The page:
• Compound-complex sentences (6)

Vocabulary and Spelling

The English language has a rich history. To understand where words come from helps to develop word meaning as well as how that word is spelled. A rich vocabulary, spelled correctly, can help a child effectively communicate their thoughts to others as well as help the child understand other people’s thoughts and ideas as they read them. In Montessori education a large vocabulary can be gained when studying the world cultures and their many contributions to our present day lives. Grace Montessori Academy supplements the Montessori vocabulary and spelling lessons with “Spell to Write and Read Curriculum.”  This further enhance the students knowledge of the English language.

  • Latin root study (4,5,6)
  • Prefix-suffix studies (4,5,6)
  • Spelling rules
  • Syllabification (4)
  • Suffix rules (4,5,6)
  • Plurals (4,5,6)
  • Use of dictionary/thesaurus (4,5,6)

Oral and Written Communication

To express one’s thoughts clearly, adequately and beautifully is an important part of Montessori education. To share with others what one has learned, in both oral and written form, is an important skill which everyone in the community can benefit from. Oral presentations can be in many forms:

  • The sharing of reports (4,5,6)
  • Giving a persuasive speech (4,5,6)
  • The reciting of poetry (4,5,6)
  • Discussions (4,5,6)
  • Conflict resolution (4,5,6)
  • Written communication can be expressed in these forms:
  • Cursive writing (4,5,6)
  • Calligraphy (4.5.6)
  • Keyboarding skills (4,5,6)

It was once said that “Language is the breath of the spirit.” No study in language would be complete in a Montessori environment without the continual use of the Great Lessons of Oral and Written Communication. It is these lessons which inspire the children as they see how their language is the gift of many, from many lands and times.


Grace Montessori Academy uses the Prima Latina series.  This program helps to integrate the English and Latin language.


In her book From Childhood to Adolescence Dr. Marie Montessori wrote: “Without a mathematics education, it is impossible to understand the progress of our time or participate in it.” Mathematics is an expression of the innate human tendency to order. People have a predisposition towards learning those things pertaining to order, exactness, and precision. Thus every child has a mathematical mind which needs to be developed so that he or she can advance civilization.

Math presentations in certain areas are carefully sequenced. However parallel work in all areas is necessary. Thus, exploration in geometry and whole numbers can occur simultaneously. Finally, it is important that the study of mathematics is linked to the study of history. In this way an appreciation of those people’s work which preceded us is fostered.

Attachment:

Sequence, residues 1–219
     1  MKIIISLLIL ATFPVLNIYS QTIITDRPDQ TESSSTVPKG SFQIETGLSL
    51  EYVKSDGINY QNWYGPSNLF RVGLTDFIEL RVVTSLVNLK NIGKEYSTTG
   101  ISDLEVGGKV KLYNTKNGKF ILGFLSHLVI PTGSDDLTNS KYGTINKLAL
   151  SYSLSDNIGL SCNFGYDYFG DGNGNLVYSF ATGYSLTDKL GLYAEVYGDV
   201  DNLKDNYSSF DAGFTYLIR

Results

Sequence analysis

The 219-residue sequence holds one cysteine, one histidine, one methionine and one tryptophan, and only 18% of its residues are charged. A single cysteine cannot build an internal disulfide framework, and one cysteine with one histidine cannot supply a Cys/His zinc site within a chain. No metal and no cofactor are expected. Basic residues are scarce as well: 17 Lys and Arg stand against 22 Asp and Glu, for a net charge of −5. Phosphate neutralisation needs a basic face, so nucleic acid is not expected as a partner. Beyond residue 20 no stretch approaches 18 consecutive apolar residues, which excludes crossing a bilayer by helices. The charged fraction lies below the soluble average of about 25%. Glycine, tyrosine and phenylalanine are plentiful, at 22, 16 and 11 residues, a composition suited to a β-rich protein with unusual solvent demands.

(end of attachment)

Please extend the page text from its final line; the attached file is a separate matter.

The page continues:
The guidelines below provide a full picture of math presentations at the 9-12 level. The grade indicator at the end of a subject (e.g., base systems (6)) tells you that by the end of the 6th grade your child should be familiar with various base systems beside the decimal system we now use. This does not mean that children do not have the opportunity to explore the base systems at an earlier age; but by the 6th grade mastery should be accomplished.

The second layer is achieving mastery of fractions and decimals with their related applications. Some of the following skills include:

  • Add and subtract fractions and mixed numerals (4 1/4) with like and
  • unlike denominators. (4)
  • Reducing, finding common denominators, (4)
  • Reading a ruler (41/8 inches) (4)
  • Multiplying and dividing fractions (4,5)
  • Introduction to decimals (to the millionth’s place) (4)
  • Adding and subtracting of decimals (4)
  • Multiplying and dividing of decimals (4,5)
  • Metric measurement (centimeters, millimeters etc.) (4,5,6)

The development of basic math skills can be seen as three layered. The first layer is achieving mastery of the four operations (adding, subtracting, multiplying, and dividing) with whole numbers. This skill is applied by doing (and creating) word problems, science experiments, reading (and developing) charts, graphs, tables, using estimation strategies etc. Competence in this area should be achieved in the fourth grade.

The third layer is relating fractions and decimals to the areas of ratios, proportions and percents. The mastery of these skills, with application, should be obtained by the end of 6th grade. It should be noted that all three layers require that your child spend sufficient time in practicing his/her math skills.

Studies in geometry and beginning algebra (4,5,6) occur simultaneously with the child’s work with the basic math skills described above. Related skills in geometry include:

  • Study of lines (4)
  • Study of polygons (4)
  • Study of angles (4.5)
  • Study of circles (4,5)
  • Area studies
  • Quadrilaterals (4,5,6)
  • Triangles (4,5,6)
  • Circles – includes circumference (5,6,)
  • Surface area (5,6)
  • Volume studies
  • Shape names (4)
  • Volume: rectangular prisms (4,5)
  • Volume-all basic shapes (5,6)